It’s fair to say that, if they’ve not exactly fallen off, then the wheels of Aston Villa’s season have loosened considerably.
To mangle the analogy further still, in Formula 1 terms, the loosened wheels might be considered an unsafe release of the team into the Premier League – young, inexperienced and very light in the striker department.
The euphoria of promotion is a distant memory as winter and the harsh reality of our place among the elite sets in. A tough run of fixtures has taken its toll – but for an unexpected point at Old Trafford against a pale imitation of the Manchester United of the last 25 years and a routine home win against a misfiring (but now upwardly mobile) Newcastle, we could be staring down the barrel of eight straight defeats.
That’s not good enough.
We were obliged to change almost our entire first-team squad this summer, through returning loanees and out-of-contract has-beens. With that number of new faces to integrate, signing ‘young and hungry’, high resale value youngsters was always going to be a high-risk strategy, even if they all worked out.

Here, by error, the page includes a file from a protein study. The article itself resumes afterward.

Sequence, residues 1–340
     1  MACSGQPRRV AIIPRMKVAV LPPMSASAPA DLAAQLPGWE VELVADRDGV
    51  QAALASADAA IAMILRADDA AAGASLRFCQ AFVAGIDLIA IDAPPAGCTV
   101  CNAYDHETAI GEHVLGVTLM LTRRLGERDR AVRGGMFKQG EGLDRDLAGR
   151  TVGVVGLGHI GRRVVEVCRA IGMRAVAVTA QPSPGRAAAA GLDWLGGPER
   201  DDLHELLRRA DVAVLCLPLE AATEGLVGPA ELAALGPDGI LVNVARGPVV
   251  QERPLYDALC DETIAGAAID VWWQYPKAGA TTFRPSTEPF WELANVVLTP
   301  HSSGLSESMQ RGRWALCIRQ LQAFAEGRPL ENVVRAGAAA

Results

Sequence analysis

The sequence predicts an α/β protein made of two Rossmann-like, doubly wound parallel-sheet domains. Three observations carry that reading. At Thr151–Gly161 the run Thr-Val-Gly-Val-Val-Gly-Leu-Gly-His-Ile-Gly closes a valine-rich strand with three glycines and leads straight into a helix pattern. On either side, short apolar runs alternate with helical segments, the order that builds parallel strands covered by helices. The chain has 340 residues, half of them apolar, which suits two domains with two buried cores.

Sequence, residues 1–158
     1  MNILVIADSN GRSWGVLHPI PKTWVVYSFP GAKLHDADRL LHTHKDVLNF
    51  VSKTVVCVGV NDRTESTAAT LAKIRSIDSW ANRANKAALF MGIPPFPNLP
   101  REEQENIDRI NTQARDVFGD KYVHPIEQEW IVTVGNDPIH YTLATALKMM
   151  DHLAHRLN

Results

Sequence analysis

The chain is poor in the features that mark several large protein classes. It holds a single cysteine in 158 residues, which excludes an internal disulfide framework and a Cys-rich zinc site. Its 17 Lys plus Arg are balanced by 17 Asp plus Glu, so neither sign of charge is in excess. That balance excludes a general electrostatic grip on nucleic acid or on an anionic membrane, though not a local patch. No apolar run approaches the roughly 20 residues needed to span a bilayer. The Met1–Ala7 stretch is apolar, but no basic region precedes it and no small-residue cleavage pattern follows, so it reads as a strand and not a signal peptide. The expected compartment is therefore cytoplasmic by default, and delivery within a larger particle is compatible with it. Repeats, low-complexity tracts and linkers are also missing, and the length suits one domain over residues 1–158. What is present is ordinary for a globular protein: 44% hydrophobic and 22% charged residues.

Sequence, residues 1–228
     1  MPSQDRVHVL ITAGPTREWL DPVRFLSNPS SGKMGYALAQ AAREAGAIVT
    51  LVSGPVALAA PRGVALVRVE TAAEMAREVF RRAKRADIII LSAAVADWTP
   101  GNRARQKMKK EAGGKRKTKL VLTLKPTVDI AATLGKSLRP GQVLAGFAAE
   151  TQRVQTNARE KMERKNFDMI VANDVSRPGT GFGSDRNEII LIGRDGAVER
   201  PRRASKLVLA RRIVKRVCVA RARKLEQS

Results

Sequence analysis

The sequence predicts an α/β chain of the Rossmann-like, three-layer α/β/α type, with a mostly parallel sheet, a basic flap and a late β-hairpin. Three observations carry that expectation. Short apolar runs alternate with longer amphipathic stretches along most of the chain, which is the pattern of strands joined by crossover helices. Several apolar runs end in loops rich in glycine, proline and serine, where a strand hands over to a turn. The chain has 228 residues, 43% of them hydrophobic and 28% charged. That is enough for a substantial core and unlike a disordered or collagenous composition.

They haven’t. Yet.
At the time of writing, we sit 17th in the table, ahead of what most would consider our direct relegation rivals – Southampton, Norwich and Watford – the three teams, as fate would have it, that we face in our next three league matches. But a gap is emerging between the bottom four and the rest – we are currently three points behind 16th-placed Everton and we need to make sure that gap does not get any wider.
Something needs to be done to arrest the poor run of results, and these matches provide the perfect opportunity. So what can be done?
1.Concentration levels at the start and the end of the second half
At the start of the season, we developed a habit of conceding goals very late in games. Now, we’re conceding goals in the first few minutes after half time. It needs to stop. Concentration levels need to improve quickly and we need to be switched on from the first whistle to the last.
Such lapses as we’ve seen at the start and end of the second half of games is negligent at best and highly unprofessional at worst, and it’s hard to know why it’s happening. Dean Smith’s team talks can’t be that ineffective surely?
But neither is it rocket science to keep things tight early after the break and stay compact and organised as the game reaches its conclusion. Senior players like Heaton, Mings, Grealish and McGinn need to take responsibility and make it happen. Over to you, boys.